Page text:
Learning how to swim at a young age could help children reach developmental milestones earlier than their peers, a new study suggests.

Researchers from the Griffith Institute for Educational Research surveyed parents of 7,000 children under five years old living in Australia, New Zealand and the U.S. over three years, and subjected another 180 children between the ages of 3 and 5 to intensive testing.

Lead researcher Professor Robyn Jorgensen found that young children who learn how to swim in their early years achieve a wide range of skills earlier than the normal population.

"Many of these skills are those that help young children into the transition into formal learning contexts such as pre-school or school, "Jorgensen said in a statement.

"The research also found significant differences between the swimming cohort and non-swimmers regardless of socio-economic background," she added. "While the two higher socio-economic groups performed better than the lower two in testing, the four SES groups all performed better than the normal population."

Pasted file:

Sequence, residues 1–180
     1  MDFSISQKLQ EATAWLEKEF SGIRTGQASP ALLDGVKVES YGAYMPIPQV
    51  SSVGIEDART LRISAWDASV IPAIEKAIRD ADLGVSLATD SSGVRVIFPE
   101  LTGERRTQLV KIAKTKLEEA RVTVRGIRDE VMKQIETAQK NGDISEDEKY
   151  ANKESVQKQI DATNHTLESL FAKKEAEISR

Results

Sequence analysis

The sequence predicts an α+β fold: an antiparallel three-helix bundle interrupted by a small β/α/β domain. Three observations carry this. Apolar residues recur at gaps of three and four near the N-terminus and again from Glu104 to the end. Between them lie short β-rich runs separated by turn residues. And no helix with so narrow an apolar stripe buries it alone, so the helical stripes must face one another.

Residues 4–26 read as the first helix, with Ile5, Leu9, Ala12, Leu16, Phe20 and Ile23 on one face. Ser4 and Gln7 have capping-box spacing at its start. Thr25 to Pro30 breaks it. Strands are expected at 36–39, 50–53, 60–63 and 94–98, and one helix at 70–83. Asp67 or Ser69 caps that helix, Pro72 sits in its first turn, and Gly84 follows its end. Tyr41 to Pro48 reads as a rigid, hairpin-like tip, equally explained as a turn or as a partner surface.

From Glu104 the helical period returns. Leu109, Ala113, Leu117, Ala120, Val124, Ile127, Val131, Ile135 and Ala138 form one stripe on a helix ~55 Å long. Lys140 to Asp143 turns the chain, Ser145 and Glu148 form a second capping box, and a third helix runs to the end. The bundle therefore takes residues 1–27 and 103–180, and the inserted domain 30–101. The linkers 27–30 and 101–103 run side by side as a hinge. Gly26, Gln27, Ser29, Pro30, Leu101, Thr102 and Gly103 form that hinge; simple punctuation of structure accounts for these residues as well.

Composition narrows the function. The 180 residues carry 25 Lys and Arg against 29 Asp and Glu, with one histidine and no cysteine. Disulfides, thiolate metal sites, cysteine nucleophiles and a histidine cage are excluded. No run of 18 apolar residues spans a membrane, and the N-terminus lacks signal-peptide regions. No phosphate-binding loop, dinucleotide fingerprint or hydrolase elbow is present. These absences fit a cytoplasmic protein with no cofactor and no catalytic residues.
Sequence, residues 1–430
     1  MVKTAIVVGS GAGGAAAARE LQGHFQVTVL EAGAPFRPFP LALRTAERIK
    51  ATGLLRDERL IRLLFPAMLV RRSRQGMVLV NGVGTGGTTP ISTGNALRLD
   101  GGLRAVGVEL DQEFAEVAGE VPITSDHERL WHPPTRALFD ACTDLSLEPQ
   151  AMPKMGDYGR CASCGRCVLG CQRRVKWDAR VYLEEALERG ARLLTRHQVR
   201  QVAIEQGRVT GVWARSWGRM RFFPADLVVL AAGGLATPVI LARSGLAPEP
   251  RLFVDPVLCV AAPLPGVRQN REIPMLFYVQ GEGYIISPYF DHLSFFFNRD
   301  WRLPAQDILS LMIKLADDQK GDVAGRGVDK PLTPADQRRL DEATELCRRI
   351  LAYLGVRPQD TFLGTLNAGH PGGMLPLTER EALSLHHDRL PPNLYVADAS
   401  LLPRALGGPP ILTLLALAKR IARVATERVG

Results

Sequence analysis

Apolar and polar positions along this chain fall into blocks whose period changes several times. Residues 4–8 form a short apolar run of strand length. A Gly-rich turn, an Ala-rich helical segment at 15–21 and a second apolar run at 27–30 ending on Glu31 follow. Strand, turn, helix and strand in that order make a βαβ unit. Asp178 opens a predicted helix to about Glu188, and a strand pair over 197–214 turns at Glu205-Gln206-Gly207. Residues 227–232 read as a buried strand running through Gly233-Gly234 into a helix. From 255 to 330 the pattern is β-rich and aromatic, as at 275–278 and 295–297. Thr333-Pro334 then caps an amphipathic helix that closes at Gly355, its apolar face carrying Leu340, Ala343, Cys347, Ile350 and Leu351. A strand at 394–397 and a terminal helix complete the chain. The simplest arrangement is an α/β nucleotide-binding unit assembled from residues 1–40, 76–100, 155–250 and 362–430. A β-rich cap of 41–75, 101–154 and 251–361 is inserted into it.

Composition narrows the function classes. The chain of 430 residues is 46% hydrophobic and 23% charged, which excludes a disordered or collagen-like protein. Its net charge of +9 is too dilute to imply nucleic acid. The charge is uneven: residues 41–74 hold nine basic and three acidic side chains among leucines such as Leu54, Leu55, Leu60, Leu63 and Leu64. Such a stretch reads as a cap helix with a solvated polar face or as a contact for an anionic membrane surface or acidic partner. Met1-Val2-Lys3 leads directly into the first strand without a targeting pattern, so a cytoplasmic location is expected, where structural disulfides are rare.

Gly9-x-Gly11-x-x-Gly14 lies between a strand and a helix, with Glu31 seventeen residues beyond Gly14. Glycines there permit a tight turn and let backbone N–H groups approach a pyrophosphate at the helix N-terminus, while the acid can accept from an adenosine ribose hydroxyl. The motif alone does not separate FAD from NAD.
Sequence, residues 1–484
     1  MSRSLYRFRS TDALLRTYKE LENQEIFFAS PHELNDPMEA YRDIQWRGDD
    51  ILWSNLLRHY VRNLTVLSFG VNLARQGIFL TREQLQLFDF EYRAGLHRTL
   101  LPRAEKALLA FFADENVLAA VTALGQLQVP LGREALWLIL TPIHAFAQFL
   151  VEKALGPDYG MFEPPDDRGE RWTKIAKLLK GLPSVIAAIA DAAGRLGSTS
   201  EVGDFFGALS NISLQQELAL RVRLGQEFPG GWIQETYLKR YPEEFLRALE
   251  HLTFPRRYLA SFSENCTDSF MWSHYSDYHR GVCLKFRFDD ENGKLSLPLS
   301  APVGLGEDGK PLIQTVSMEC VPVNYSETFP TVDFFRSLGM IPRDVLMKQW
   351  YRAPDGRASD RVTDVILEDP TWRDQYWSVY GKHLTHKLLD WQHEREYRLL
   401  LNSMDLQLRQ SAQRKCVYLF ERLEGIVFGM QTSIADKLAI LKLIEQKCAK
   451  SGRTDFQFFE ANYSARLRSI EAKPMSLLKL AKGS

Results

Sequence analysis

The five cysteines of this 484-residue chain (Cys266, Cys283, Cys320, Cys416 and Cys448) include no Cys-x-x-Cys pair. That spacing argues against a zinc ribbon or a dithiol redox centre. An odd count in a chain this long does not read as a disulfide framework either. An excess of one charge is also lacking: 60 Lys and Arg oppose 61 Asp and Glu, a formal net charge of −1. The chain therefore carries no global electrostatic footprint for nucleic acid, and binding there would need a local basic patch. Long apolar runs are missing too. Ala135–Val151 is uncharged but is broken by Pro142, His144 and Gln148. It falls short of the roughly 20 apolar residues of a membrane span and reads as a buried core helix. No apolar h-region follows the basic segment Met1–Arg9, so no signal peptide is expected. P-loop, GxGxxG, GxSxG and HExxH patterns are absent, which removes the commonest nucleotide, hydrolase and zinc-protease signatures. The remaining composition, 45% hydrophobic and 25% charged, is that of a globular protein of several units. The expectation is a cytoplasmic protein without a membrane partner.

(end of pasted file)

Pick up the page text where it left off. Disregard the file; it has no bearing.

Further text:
Not only did children who knew how to swim achieve physical milestones earlier, they also scored significantly better in visual-motor skills such as cutting paper, coloring in and drawing lines and shapes, and in many mathematically-related tasks.

Furthermore, researchers said that children who swan were better at expressing themselves and had greater literacy and numeracy.

"Many of these skills are highly valuable in other learning environments and will be of considerable benefit for young children as they transition into pre-schools and school," Jorgensen said.

Researchers noted that there were no gender difference between the research cohort and the normal population.